She didn’t remember how she had reacted when Sol told her the news. It had been raining that day too—not just a warm drizzle, but a proper summer storm, the kind that you could feel in the air in the days preceding, dense and electric. They’d been curled up inside, watching The Sound of Music, and Sol had tapped her knee over the blanket, said, I have news. 

This is the part she remembers. Before the actual news, before the break of the storm. Mei had looked over and met Sol’s eyes in the blue television light, and wondered if the news was important enough to pause the movie. She couldn’t tell, then. 

I haven’t told anyone yet. Sol said. You’re the first

Oh. Mei said. She reached for the remote. 

It was good news. A job was always good news, and this one paid well, even if it did involve moving clean out of the country. It paid almost twice as much as Mei’s did, and she’d considered herself lucky to have gotten a job at all; the rest of their freshly-graduated classmates were still scrambling. 

Is it permanent? One of their friends had asked at dinner today. I mean, would you ever move back? Or, I dunno. You have plans?

I don’t know yet. Sol had replied. It was early into the night. Her hair was still pulled back, her words clean-edged, her lipstick bright enough to stain the rim of her cup. I’ll miss it here. I think I might want to come back. But who knows? Things change. 

“Sol,” Mei rasped. She couldn’t speak any louder than this, couldn’t move any faster than this, couldn’t catch her. “Sol. Wait.” 

Her voice was too quiet, she knew, but her chest still seized with a strange sort of panic at the sight of that still-retreating back, impossibly far now, a dream’s leap away. All around her, the night was dissolving, the reverie split, spitting her out onto the other side. 

Mei stumbled. 

Her feet slapped the pavement noisily, and now Sol turned, strands of hair haloing her face as her bun slipped out completely. “Mei?”

“You…” Orange. Koi pond. Too slow. She kept walking. There was a thought, except it wasn’t a thought, it wasn’t really anything. That night, Sol had chosen the movie, and The Sound of Music was Mei’s favorite. Water. Standing in place. Her hands were still empty. She wanted her to understand. “Sorry. Just…you—you walk too fast.”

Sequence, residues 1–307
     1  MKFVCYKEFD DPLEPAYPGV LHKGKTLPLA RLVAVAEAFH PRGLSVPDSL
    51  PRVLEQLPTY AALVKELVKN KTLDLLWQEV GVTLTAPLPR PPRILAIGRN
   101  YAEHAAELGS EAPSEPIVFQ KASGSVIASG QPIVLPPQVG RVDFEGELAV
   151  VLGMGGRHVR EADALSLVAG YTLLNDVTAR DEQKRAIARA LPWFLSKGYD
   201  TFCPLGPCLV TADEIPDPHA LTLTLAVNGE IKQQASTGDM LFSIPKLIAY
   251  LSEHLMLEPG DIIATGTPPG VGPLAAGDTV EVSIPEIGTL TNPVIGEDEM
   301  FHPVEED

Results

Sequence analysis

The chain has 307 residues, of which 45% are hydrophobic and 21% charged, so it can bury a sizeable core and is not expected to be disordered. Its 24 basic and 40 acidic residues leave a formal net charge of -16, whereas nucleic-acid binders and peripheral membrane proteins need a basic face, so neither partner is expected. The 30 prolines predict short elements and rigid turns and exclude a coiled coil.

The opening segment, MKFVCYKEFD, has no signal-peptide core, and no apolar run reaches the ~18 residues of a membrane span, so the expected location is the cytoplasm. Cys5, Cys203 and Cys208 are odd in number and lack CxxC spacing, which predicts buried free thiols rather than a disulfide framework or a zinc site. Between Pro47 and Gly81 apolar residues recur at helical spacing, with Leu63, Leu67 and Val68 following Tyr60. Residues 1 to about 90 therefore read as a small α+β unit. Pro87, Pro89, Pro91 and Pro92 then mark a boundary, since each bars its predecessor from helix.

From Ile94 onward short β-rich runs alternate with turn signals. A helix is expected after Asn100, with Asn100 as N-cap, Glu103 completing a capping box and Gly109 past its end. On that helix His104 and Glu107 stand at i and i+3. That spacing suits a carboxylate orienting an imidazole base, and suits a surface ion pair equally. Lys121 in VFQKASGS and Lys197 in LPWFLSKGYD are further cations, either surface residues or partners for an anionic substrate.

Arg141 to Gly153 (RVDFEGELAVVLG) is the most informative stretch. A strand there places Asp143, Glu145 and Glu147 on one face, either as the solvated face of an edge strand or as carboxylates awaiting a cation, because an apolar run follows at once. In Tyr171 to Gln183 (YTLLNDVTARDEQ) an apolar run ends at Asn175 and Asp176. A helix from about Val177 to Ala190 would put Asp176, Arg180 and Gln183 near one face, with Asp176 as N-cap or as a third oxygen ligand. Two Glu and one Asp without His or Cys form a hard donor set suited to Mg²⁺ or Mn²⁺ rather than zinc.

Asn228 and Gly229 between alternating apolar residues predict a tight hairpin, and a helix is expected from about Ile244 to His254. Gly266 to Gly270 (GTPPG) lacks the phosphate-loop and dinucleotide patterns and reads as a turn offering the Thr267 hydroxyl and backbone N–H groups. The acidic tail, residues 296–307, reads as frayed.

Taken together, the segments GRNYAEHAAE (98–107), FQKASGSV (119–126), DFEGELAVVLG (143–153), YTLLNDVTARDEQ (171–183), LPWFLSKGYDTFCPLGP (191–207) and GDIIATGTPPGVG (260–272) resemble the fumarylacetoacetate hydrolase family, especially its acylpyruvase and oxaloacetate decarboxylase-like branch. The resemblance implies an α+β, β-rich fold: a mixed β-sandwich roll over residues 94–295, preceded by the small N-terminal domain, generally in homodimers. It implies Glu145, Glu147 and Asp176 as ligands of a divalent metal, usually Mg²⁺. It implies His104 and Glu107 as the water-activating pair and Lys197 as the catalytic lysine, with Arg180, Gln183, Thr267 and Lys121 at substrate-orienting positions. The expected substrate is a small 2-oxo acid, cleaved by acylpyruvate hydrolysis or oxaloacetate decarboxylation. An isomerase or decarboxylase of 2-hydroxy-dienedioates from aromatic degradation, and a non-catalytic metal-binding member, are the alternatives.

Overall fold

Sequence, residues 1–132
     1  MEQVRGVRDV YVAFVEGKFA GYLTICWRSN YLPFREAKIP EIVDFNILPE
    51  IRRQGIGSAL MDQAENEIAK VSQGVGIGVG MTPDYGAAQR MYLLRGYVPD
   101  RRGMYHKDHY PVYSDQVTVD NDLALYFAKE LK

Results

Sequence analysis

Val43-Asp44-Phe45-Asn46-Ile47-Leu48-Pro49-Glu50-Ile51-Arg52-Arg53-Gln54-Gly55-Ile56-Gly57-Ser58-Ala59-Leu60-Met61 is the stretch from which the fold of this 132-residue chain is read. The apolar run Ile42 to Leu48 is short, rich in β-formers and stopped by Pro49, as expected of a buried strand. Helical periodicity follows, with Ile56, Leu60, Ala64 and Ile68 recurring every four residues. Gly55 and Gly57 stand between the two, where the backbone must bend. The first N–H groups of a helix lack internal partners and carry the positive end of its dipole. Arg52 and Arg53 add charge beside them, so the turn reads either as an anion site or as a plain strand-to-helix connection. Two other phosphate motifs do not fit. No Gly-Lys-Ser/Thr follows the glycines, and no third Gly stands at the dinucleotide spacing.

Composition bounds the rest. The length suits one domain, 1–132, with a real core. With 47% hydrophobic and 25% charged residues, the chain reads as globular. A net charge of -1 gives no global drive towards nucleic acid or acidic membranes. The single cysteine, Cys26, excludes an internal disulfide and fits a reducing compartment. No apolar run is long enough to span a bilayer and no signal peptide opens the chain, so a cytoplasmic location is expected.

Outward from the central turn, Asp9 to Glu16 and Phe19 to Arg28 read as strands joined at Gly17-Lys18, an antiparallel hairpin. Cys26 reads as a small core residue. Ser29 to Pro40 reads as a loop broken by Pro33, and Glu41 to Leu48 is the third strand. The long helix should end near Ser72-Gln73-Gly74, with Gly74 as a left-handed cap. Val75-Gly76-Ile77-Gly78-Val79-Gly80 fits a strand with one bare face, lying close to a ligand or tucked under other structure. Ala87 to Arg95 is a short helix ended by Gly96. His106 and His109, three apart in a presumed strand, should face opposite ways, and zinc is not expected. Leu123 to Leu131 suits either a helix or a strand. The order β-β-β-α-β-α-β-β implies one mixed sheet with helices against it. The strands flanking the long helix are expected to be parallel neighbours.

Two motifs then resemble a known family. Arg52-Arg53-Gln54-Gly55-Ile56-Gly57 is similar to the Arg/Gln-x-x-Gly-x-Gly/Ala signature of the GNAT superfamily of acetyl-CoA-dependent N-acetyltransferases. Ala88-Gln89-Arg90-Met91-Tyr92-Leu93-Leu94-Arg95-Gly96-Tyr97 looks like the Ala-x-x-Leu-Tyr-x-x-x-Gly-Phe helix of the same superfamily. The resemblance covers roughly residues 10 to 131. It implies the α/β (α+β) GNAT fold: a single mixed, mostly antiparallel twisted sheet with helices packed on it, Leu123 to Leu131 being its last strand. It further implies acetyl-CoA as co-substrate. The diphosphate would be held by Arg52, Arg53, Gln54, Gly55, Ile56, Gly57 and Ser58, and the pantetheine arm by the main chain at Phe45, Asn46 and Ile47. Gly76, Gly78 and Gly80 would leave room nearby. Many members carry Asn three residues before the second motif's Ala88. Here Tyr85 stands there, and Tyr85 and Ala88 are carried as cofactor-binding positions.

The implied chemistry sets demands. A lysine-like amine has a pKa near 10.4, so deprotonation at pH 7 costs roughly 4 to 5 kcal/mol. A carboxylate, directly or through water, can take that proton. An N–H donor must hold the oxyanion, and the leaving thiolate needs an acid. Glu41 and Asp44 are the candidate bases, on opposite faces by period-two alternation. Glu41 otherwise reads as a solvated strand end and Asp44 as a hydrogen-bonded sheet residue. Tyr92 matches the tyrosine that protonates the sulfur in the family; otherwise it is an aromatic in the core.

“Oh.” Sol blinked. Her eyes flickered, uncertain. “Oh. I’m sorry. I’ll slow down.”

“No.” Mei said quickly, without thinking. She’d finally crossed the distance between them, and now she stopped. “No. No, it’s okay. Walk.”

They looked at each other. The corner of Sol’s mouth curled upwards. “You know,” she said quietly, “you can see the stars from here. It’s dark enough. I got distracted, looking at them.”

She was right, you could. Mei tilted her head up to look. Her words buzzed high in her throat when she spoke. “They might not have them there. Where you’re going.”

“No. They won’t have a lot of things.”

The silence deepened around them. Mei stood there for a long while, staring at the stars until her neck ached and her vision was spotty. When she looked back down, Sol had crossed the few steps over to the end of the alley. She was standing under that pale, spindly streetlamp, the light hanging over her like a low moon over water. 

“Come on,” she said, stretching an arm out. “I’m hungry.”

Later, Mei might find that she would not remember the rest of the evening too well. It had been a long night, after all, and specifically the kind of warm, drowsy, end-of-summer night that made one forgetful. Besides, it had rained, and rain always made her feel rather woozy. But she might remember this picture, of after the storm, of Sol standing under that shining little light, eyes damp, hand outstretched, waiting for her. 

“Okay,” Mei said, and laughed. “Let’s go.”